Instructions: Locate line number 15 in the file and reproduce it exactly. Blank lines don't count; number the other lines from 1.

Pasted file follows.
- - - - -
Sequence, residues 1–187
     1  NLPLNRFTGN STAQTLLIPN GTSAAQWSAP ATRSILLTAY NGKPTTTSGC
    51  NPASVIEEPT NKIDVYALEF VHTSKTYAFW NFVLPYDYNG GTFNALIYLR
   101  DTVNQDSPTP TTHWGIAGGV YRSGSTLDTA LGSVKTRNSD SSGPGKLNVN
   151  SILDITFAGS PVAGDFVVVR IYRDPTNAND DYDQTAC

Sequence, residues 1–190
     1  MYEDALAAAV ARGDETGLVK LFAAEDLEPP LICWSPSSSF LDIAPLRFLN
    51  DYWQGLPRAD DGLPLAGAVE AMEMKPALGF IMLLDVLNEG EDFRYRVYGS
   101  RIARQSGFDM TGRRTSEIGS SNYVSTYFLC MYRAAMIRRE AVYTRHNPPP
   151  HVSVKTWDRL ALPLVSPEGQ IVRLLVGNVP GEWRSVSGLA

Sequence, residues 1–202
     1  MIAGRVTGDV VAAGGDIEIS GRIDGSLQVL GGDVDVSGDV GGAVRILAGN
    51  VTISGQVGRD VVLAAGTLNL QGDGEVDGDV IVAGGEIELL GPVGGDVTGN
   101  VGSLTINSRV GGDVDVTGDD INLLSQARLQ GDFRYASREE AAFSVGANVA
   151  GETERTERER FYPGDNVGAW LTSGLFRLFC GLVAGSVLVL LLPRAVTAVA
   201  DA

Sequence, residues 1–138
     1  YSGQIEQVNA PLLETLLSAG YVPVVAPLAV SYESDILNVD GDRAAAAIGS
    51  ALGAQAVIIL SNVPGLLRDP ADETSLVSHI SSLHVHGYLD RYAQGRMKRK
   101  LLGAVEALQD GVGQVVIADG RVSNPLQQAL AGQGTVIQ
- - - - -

   151  GETERTERER FYPGDNVGAW LTSGLFRLFC GLVAGSVLVL LLPRAVTAVA